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The contrast between pride and humility is often easy for us to see in other people. In this book, Hannah Anderson strips away our spiritual guise to reveal our hearts and the pride that lives inside us.

Humble Roots Book cover with text overlay the Humility that leads to rest: book review

Humility Leads to Rest

It doesn’t feel like the “pride of life” when I am awake thinking most of the night. It feels like a normal thing to do with a to-do list that is never fully accomplished, concerns with family and friends and church, and nothing short of momentous goals for the future. And yet Hannah Anderson proves in Humble Rootsthat pride is exactly what I am exhibiting in those wee hours.

As she puts it, “Pride convinces us that we are stronger and more capable than we actually are. Pride convinces us that we must do and be more than we are able. And when we try, we find ourselves feeling, ‘thin, sort of stretched… like butter that has been scraped over too much bread.’ We begin to fall apart physically, emotionally, and spiritually for the simple reason that we are not existing as we were meant to exist.”

And so for me, in this time of my life, the frequent audible “ouch” could be heard often as I turned the pages of this book. Humble Roots held the sweet combination of encouragement and conviction, like a friend who knows you just a little too well and is very honest.

Every chapter has a gardening illustration which seems to perfectly capture Hannah’s point. She somehow weaves tomatoes with wisdom, and local honey with immortality, and all of it ties perfectly with the overriding contrast of pride and humility.

Humble Roots

Humble Roots


The Pain and Joy of Conviction

Before reading this book I think my opinion about pride and humility was rather static with definite ideas about how each appeared lived out in daily life but not a thorough, close examination of it in my own heart. This book looks painfully close at the sin that so easily fills our hearts and exposes the root of it all – pride.

I wouldn’t have considered myself a terribly prideful person and now I struggle to write that because I can see the pride in that statement. “Pride both overestimates our abilities and underestimates God.” And so I find myself considering the pride in my heart as I battle overachievement and laziness, consumerism and minimalism, sleep and sleeplessness.

Humble Roots ultimately culminates in what is the most difficult, forceful display of God’s hatred of our pride – death. And proves that through this most challenging circumstance, God is glorified to bring us low and then exalt us with eternal resurrection from the dead.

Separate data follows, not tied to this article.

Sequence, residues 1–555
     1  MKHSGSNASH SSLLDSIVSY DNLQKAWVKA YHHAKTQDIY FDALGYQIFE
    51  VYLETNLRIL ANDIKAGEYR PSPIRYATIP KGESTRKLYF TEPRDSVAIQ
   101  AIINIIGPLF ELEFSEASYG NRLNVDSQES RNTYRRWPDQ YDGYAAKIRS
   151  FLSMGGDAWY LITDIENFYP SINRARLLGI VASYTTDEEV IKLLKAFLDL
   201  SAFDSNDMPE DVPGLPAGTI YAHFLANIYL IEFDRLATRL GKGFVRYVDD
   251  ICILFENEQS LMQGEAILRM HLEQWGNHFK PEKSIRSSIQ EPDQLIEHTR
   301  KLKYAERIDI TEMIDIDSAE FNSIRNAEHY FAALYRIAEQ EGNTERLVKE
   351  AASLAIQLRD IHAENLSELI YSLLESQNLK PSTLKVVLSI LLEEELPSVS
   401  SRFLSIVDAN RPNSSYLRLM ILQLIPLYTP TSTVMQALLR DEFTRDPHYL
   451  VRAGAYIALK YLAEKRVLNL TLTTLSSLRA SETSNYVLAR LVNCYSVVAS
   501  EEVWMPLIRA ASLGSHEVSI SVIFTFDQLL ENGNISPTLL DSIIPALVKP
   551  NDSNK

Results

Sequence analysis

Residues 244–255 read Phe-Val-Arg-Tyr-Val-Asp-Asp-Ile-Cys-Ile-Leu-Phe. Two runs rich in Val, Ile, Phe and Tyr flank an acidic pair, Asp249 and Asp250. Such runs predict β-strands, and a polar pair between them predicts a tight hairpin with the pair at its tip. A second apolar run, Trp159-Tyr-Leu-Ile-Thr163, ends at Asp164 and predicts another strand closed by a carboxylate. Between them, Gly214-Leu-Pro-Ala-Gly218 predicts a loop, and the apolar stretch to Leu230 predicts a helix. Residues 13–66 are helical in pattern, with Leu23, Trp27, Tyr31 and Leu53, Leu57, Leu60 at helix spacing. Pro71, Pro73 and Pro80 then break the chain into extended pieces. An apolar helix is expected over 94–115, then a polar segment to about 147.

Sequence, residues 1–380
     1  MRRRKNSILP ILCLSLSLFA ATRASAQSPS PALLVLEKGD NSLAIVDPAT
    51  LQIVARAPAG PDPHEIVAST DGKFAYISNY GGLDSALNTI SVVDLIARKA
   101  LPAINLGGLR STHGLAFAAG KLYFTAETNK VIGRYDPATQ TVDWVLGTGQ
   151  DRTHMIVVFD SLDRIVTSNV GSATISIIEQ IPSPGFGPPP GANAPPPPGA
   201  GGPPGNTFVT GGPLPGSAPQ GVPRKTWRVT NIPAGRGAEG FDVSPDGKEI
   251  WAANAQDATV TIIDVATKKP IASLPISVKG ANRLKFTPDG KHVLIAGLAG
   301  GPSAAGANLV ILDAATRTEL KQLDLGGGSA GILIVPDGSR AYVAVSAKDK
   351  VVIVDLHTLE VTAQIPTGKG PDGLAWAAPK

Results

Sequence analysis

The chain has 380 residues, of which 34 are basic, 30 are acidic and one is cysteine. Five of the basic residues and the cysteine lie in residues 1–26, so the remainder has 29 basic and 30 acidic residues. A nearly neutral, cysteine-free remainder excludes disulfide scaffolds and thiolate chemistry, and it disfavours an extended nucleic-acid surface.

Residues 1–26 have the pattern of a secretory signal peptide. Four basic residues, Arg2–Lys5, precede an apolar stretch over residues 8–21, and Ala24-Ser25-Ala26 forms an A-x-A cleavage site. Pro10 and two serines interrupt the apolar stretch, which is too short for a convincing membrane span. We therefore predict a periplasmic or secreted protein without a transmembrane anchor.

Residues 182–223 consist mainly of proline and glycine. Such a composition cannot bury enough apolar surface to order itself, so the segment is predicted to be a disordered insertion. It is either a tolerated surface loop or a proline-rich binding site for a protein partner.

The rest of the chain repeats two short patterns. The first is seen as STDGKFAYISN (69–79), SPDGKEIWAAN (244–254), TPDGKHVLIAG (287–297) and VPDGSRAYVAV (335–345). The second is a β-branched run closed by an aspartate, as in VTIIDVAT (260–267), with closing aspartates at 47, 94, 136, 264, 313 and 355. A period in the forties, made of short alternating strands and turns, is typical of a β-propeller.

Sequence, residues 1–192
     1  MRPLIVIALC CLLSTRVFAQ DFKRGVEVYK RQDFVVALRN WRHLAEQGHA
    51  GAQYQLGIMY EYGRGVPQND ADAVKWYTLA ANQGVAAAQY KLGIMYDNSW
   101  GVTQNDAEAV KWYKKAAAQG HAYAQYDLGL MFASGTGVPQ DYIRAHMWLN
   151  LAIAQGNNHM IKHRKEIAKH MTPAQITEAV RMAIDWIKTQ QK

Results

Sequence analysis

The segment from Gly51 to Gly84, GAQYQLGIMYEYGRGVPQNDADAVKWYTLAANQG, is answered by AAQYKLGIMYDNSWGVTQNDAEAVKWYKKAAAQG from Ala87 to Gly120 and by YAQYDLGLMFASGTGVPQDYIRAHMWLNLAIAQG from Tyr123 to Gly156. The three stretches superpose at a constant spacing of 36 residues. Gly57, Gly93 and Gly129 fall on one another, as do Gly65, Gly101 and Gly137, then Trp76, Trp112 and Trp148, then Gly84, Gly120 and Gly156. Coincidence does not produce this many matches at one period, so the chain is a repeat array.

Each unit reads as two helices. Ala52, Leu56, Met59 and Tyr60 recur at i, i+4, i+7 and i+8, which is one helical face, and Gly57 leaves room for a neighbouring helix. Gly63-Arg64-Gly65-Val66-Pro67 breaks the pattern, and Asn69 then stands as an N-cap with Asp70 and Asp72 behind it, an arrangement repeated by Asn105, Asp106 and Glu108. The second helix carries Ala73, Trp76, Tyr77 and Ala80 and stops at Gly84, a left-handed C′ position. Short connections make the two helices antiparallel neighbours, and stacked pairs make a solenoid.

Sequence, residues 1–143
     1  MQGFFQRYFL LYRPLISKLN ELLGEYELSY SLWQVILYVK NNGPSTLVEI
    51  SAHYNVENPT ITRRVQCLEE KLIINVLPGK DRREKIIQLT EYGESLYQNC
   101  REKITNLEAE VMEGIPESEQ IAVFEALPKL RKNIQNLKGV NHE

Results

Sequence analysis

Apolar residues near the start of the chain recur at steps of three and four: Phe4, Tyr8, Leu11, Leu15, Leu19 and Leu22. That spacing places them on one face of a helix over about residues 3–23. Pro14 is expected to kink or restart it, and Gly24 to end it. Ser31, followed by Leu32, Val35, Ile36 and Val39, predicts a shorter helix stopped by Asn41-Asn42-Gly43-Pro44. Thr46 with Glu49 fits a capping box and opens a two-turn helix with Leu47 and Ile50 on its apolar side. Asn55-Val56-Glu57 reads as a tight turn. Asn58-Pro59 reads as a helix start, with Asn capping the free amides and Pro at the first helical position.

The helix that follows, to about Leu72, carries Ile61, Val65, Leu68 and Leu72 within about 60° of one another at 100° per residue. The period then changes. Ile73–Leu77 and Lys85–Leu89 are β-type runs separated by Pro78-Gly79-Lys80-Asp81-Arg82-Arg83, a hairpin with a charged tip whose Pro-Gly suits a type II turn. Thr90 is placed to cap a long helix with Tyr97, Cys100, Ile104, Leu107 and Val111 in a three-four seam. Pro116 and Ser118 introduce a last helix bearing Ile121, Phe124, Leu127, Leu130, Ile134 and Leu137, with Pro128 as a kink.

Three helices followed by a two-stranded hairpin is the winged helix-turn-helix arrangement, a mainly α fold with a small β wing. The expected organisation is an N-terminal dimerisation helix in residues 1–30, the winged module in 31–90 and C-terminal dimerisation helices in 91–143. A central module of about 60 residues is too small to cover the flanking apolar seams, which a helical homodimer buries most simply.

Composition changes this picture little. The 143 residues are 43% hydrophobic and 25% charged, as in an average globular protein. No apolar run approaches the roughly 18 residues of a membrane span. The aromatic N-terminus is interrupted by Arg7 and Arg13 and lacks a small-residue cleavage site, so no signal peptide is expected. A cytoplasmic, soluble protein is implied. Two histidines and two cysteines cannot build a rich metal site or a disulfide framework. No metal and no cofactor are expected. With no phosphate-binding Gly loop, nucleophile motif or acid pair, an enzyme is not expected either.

Hannah Anderson beautifully weaves the stories of her life with the truths of Scripture such that the reader feels as though we know her family and have walked the streets of her town while gaining that beautiful insight that comes from long hours spent in the Word.

Ultimately the goal of humility is to find the rest our souls so long for. We wrongly think, in all our striving, that we will get to a place when we are finally able to rest from our work. Our homes will someday be organized enough, our budgets will someday be balanced enough, our income will someday be high enough, our health will someday be good enough. And, in all our striving, we continue to fall flat on our faces. Because the source of rest, as Hannah proves, is not in our accomplishments but in submission to Christ Who has already accomplished everything necessary on our behalf.


Other Books to Help You On This Journey

As you know, I recently finished reading Refresh by Shona Murray which also focuses on rest in a burnout culture (Check Out My Review of it Here). In my opinion, these two works go hand in hand. Refresh approaches the subject of our striving from a whole life perspective, digging into the physical and spiritual problems and solutions. Humble Roots takes on the biggest aspect of the spiritual problem that is at the heart of burnout head on.

These two books have been tremendously helpful to me this year as the Lord conforms my heart through life circumstances, the teachings of Scripture, and the counsel of friends to let go of my striving and seek and serve the Savior Who has already finished the work. This honestly allows me to accomplish more because my mind is not racing but is becoming more fully present. I am able to set aside tomorrows jobs, trusting that “my God will supply all [my] need according to His riches in glory by Christ Jesus” (Philippians 4:19).

This is a long and painful process. It reveals just how deeply rooted my sin is and also how beautifully patient my God is to gently show me these things and walk through them with me.

I encourage you to pick up your copy of Humble Roots today! You will be glad you did!

If you would like to read more about Hannah’s first book, which is honestly one of my favorite books of all time, check out my review of Made for More here.

Humble Roots acts as the second part of that conversation. Upon finishing Made for More many readers were left wondering how to actually live it out which is the question Hannah answers for us in this book.

Have you read Made for More or Humble Roots? I would love to hear your thoughts in the comments below! Do you have another book you would like to recommend? I’m always looking for great books to read!